NuSTREEM is an innovative small-hydropower-unit manufacturer based in Connecticut. Its low-head NuTURBINE can be inserted into existing municipal water systems to harvest the energy latent in the water flowing through a facility and convert it into electricity. In this interview, Kathy Bielert, NuSTREEM’s technical sales manager, tells Municipal Water Leader about the idea behind the company’s technology and why it should be of interest to all municipal water managers.
Pat Mulroy is a legendary figure on the Colorado River. The former general manager of the Las Vegas Valley Water District (LVVWD) and of the Southern Nevada Water Agency (SNWA), she also served as the lead negotiator for the State of Nevada on the Colorado River. Today, she runs her own consulting firm and is a senior fellow at the law school of the University of Nevada, Las Vegas. In this interview, Ms. Mulroy tells Municipal Water Leader about her decades of experience and accomplishments and discusses the challenges that remain to be solved in the Colorado basin.
Over the past few years, San Diego International Airport has implemented several water reuse and conservation programs that are saving potable water, reducing runoff, and protecting the environment. These projects have been recognized with several Environmental Excellence Awards from the Industrial Environmental Association. In this interview, Richard Gilb, one of the airport’s managers for environmental affairs, tells Municipal Water Leader about the details of its ambitious projects.
KETOS is an award-winning water intelligence and analytics company that aims to empower municipal, industrial, and agricultural water users by providing them the insight necessary to make data-driven decisions in their daily operations. It charges customers a flat service fee to install and maintain a fully integrated proprietary hardware and software stack that provides real-time intelligence related to the quality and quantity of water that is making its way through their systems at various critical points. In this interview, KETOS Founder and CEO Meena Sankaran tells Municipal Water Leader about the company’s technology and how it solves long-standing water industry pain points.
Freese and Nichols is a Texas-headquartered consulting engineering firm with operations around the nation. It was founded in 1894 and has been working with some clients, including the City of Fort Worth, since that year. Its experience in the wastewater services market spans a century as well. In this interview, David Jackson, the treatment practice leader and group manager for Freese and Nichols’s North Texas water and wastewater treatment group, tells Municipal Water Leader about how that wastewater practice has developed in recent decades, highlights important recent projects, and explains the importance of Freese and Nichols’s ethic of client service.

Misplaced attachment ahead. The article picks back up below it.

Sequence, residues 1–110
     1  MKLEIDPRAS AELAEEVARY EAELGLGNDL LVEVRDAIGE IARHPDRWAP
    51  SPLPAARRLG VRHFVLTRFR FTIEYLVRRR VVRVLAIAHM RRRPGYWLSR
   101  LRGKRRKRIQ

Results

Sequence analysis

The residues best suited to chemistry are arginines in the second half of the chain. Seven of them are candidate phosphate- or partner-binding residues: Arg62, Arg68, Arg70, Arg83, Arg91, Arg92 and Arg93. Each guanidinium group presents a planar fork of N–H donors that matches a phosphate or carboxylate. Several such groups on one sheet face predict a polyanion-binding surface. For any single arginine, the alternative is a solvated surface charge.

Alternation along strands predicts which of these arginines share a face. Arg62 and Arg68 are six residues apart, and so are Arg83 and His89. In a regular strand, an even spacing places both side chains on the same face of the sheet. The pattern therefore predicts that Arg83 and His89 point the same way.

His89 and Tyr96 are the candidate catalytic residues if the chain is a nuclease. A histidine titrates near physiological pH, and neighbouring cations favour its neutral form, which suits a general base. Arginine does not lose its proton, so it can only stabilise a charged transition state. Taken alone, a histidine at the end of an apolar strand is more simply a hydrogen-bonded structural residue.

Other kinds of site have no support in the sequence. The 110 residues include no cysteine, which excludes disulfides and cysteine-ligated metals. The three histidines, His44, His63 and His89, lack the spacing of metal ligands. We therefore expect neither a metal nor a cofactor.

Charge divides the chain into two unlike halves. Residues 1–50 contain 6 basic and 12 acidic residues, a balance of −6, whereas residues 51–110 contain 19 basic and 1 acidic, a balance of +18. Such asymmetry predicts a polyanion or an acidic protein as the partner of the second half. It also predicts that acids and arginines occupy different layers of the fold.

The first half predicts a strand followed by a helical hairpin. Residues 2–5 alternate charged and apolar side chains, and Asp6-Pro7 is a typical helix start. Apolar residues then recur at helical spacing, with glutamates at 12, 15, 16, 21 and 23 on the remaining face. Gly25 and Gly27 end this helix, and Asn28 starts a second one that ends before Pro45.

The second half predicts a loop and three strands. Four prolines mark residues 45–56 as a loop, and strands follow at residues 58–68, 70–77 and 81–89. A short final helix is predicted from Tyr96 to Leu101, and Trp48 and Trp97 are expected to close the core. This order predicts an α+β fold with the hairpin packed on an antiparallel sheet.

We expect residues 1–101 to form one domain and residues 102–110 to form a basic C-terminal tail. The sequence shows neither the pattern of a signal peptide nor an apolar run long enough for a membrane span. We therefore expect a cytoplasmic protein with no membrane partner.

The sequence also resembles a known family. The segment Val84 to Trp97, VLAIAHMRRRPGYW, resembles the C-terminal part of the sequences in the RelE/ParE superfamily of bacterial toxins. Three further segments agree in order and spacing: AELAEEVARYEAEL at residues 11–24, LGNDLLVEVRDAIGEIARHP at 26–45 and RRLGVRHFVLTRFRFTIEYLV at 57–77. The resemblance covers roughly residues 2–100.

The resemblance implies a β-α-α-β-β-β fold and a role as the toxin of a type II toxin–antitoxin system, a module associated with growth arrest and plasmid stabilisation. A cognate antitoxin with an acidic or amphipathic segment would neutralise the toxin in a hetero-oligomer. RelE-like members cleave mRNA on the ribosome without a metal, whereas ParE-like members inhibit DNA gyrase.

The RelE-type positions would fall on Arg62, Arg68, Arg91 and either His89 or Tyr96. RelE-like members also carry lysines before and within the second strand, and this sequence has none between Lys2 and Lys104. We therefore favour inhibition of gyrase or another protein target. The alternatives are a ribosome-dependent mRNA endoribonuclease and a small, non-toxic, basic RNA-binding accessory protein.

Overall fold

Providing a reliable and affordable source of water in the desert has never been an easy task. Not only does it require careful planning and solid infrastructure, it requires partnerships.
More than a century ago, the founders of the Salt River Project (SRP) had a vision to build a dam and a reservoir that would allow people to thrive in the harsh desert of central Arizona. SRP has followed that original vision by expanding its system from a single dam—Theodore Roosevelt Dam—to a system made up of seven dams and reservoirs with a total storage capacity of more than 4 million acre-feet.
The Salt River Project (SRP) is a major utility that provides both electrical power and water to more than 2 million people in the Phoenix, Arizona, metropolitan region. SRP manages 131 miles of Bureau of Reclamation– owned canals and more than 1,000 miles of laterals. With such a large customer base in a region susceptible to drought, SRP puts significant effort into conservation, efficiency, and maintaining its storage and delivery infrastructure for the future. In this interview, Dave Roberts, SRP associate general manager and chief water resources executive, tells Municipal Water Leader about SRP’s contributions to the Colorado River basin's Drought Contingency Plan (DCP) and its work to increase its…
Mike Heitmann is the chief executive officer and Mark Kelly is the director of business development for Garney Construction, a Kansas City, MO based company that is engaged in water and wastewater construction projects for public, private, industrial and federal clients throughout the United States. The company is entirely owned by its 1,550 employees and today has annual revenue of $1.1 billion.
Lawrence is a city of around 102,000people in the northeastern corner of Kansas and is the home of the University of Kansas. The city’s water, wastewater, and storm water utilities serve the city and several outlying regions. Like many municipalities, Lawrence is working to install smart, automated meters. It is also working to reduce unwanted infiltration and inflows into older clay sewer pipes and addressing debris and nutrients in the source water for its reservoirs. In this interview, MikeLawless, the deputy director of the City of Lawrence’s Municipal Services and Operations Department (MSO), gives Municipal Water Leader a comprehensive look at the department’s top issues and current work.